Sfogliatelle Ricce is an iconic Italian pastry originated in Napoli, Campagnia region.
Super thin layers of crunchy dough filled with delicious orange and cinnamon flavored ricotta cream. They are a dream, a magic and a legend in and of itself.
They’re known for being complicated to make and even complicated to explain the whole preparation process.
But let me assure you, with a little bit of patience, a good pasta machine and these step-by-step photo instructions you can easily and successfully learn how to make your own homemade sfogliatelle!
Did I say pasta machine?
YES! If you really want to facilitate the process pasta machine is essential for super thin dough rolling. Not that you can’t do it by hand (you certainly can!) but it saves you a ton of energy and time giving a better, quality pastry.
Another essential tool to make sfogliatelle (even if you’re going to use pasta machine) is a rolling pin. But I’m sure you already have one in the kitchen.
It’s good to have a standing mixer and a food processor, again, to make the life easier, but you can totally do without them.
Sfogliatelle pastries also come in a less complicated version and they’re called Sfogliatelle Frolle. The difference is in the pastry. Sfogliatelle frolle are basically made with a kind of a pie crust dough. Sfogliatelle Ricce are made of super thin layers of yeast-free and diary-free dough. But the ricotta cream filling is the same.
By the way, the word ricce in Italian literally means curly.
Sfogliatelle Ricce in an English-speaking world are often called Lobster Tail Pastries.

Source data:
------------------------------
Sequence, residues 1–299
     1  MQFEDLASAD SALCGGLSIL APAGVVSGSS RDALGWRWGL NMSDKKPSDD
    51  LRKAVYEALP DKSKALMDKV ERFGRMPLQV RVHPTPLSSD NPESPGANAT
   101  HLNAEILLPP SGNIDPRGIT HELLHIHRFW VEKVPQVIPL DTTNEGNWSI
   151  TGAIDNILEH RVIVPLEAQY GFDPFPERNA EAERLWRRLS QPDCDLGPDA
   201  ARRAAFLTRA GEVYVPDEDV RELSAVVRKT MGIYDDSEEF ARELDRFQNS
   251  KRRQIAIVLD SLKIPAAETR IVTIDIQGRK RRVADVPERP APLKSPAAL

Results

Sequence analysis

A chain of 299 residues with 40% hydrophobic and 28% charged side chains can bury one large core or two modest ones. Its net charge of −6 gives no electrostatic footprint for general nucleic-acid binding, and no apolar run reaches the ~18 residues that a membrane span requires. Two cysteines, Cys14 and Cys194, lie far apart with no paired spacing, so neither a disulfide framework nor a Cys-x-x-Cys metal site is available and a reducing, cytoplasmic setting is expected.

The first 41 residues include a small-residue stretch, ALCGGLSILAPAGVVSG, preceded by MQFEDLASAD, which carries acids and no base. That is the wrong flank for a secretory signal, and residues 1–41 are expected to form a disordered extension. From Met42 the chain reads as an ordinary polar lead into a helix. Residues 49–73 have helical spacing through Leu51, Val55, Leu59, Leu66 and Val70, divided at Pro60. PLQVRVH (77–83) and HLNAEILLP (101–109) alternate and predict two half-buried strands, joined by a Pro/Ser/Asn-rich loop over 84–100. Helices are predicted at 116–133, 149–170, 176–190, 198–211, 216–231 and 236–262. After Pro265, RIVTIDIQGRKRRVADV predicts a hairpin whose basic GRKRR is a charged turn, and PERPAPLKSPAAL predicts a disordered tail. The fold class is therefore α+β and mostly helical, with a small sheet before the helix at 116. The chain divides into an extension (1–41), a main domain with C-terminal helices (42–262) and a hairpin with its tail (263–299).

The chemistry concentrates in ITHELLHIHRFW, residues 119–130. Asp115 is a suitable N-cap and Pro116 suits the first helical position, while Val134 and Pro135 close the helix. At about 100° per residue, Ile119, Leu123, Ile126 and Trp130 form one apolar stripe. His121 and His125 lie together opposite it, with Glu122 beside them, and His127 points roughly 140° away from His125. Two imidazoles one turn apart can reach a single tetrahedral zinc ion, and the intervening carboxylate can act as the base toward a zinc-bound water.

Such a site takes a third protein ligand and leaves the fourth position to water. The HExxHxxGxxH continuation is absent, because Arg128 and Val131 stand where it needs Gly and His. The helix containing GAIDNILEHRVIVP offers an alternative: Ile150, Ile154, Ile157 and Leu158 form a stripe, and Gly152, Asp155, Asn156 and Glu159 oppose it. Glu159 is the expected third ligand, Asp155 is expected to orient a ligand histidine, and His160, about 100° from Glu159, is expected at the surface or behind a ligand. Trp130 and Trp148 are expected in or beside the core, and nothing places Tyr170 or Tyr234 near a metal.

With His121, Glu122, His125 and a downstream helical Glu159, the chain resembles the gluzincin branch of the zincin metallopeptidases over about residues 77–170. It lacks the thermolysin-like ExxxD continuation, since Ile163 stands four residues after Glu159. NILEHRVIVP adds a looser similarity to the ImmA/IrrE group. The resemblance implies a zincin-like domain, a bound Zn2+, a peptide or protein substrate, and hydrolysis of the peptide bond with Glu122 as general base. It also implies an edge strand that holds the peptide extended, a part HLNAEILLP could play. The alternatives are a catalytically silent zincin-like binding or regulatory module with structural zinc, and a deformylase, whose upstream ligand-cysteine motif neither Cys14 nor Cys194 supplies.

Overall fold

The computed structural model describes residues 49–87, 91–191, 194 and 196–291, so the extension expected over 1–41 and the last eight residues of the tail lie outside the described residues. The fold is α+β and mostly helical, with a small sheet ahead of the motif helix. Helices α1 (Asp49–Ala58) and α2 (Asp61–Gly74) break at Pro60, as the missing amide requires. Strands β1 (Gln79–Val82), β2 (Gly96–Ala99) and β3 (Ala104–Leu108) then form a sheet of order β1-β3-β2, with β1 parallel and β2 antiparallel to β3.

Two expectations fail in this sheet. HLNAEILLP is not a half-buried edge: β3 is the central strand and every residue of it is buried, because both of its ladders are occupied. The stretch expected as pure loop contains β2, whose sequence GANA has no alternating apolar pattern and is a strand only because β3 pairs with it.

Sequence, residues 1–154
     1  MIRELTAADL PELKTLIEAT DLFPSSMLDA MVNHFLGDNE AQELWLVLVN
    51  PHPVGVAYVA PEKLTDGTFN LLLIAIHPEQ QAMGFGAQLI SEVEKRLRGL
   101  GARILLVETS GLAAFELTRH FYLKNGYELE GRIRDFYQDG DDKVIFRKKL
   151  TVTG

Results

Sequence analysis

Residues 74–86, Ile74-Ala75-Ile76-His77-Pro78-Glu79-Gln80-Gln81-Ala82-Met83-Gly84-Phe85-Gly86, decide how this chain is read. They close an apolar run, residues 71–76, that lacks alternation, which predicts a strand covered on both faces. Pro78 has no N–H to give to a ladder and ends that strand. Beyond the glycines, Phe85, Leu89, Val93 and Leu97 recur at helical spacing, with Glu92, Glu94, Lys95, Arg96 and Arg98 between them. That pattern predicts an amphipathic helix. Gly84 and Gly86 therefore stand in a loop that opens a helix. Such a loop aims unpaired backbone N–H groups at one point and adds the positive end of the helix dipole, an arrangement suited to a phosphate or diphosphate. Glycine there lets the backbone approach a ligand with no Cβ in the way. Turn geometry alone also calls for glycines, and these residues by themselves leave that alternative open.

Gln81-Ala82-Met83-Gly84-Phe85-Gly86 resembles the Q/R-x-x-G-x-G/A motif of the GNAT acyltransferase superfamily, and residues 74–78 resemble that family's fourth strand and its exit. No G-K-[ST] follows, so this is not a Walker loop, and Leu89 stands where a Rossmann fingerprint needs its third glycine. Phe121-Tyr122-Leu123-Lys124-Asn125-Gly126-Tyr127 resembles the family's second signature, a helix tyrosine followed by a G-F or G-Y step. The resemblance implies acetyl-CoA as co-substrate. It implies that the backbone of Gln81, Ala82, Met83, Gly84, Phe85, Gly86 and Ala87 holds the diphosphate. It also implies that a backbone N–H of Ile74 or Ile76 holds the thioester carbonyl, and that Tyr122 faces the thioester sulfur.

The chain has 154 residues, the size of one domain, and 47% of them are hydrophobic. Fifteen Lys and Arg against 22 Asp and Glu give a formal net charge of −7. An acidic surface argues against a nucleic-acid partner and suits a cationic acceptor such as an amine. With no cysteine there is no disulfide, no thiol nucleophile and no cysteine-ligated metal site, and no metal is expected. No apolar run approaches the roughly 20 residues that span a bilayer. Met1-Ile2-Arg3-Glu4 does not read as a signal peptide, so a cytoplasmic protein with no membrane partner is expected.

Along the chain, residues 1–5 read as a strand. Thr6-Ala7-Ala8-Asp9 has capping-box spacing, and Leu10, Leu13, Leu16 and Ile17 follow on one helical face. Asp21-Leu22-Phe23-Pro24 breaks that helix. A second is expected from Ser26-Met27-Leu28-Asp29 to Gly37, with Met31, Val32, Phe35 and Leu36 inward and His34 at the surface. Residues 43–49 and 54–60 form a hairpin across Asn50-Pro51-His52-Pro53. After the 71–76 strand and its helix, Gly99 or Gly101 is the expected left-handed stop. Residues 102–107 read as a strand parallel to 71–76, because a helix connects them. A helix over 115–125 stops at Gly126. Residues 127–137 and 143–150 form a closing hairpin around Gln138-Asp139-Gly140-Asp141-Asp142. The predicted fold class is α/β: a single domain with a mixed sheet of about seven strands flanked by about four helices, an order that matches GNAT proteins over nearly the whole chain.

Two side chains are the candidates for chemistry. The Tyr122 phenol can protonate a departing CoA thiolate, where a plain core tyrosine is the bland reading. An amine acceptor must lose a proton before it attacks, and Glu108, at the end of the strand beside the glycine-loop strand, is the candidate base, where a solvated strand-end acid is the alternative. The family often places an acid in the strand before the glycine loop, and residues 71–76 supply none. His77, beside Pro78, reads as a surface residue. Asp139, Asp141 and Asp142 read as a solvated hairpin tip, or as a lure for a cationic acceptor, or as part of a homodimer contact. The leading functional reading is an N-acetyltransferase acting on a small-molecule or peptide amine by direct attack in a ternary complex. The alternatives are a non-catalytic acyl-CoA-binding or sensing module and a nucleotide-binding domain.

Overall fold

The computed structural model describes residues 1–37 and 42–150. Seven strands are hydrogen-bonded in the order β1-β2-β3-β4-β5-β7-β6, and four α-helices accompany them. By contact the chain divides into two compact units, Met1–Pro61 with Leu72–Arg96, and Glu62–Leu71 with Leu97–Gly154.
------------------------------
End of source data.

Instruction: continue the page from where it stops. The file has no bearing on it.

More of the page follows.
Sfogliatelle is an iconic dessert made of super thin layers of crunchy dough filled with delicious orange and cinnamon flavored ricotta cream.
- 3 ½ cup 18 oz flour
- 1 cup water + 2 more tbsp if needed
- 1 tsp salt
- 1 tbsp honey
- 4-6 oz cooking lard or butter
Add all dry ingredients in a mixing bowl, give a stir, add honey and lukewarm water. Mix well with your hands or in a stand mixer until you get a slightly crumbly dough. If you are going to roll the dough by hand it’s best to add another few tablespoons of water to make the dough a bit smoother. But if you’re going to use a pasta machine feel free to leave the dough a that “slightly crumbly” stage, it’ll all come together later in the process.
Cover the dough with a plastic wrap or linen towel and let rest for 30 minutes.
Past that time divide the dough in 3-4 parts. Take one part and keep the rest of the dough covered to prevent it from drying.
Pass the first part of the dough through pasta machine on the widest setting “0 setting”.
Fold it over on itself, rotate and pass again on the same thickness setting.
Pass the dough at least 3-5 times repeating the folding process, until you get a smooth and even sheet. Then set the regulating knob of the pasta machine to the next setting (setting 1) and pass it again several times. Continue increasing thickness setting until you get to the thinnest sheet possible (setting 7-8 on Marcato Atlas Pasta Machine).
You’ll need to pass the dough just once on that last thickness setting. I also recommend stopping the machine a couple of times as the dough sheet comes through and roll it up onto the rolling pin.
The ends (handles) of the rolling pin should be settled between two water bottles or soup bowls to prevent the dough from touching the table.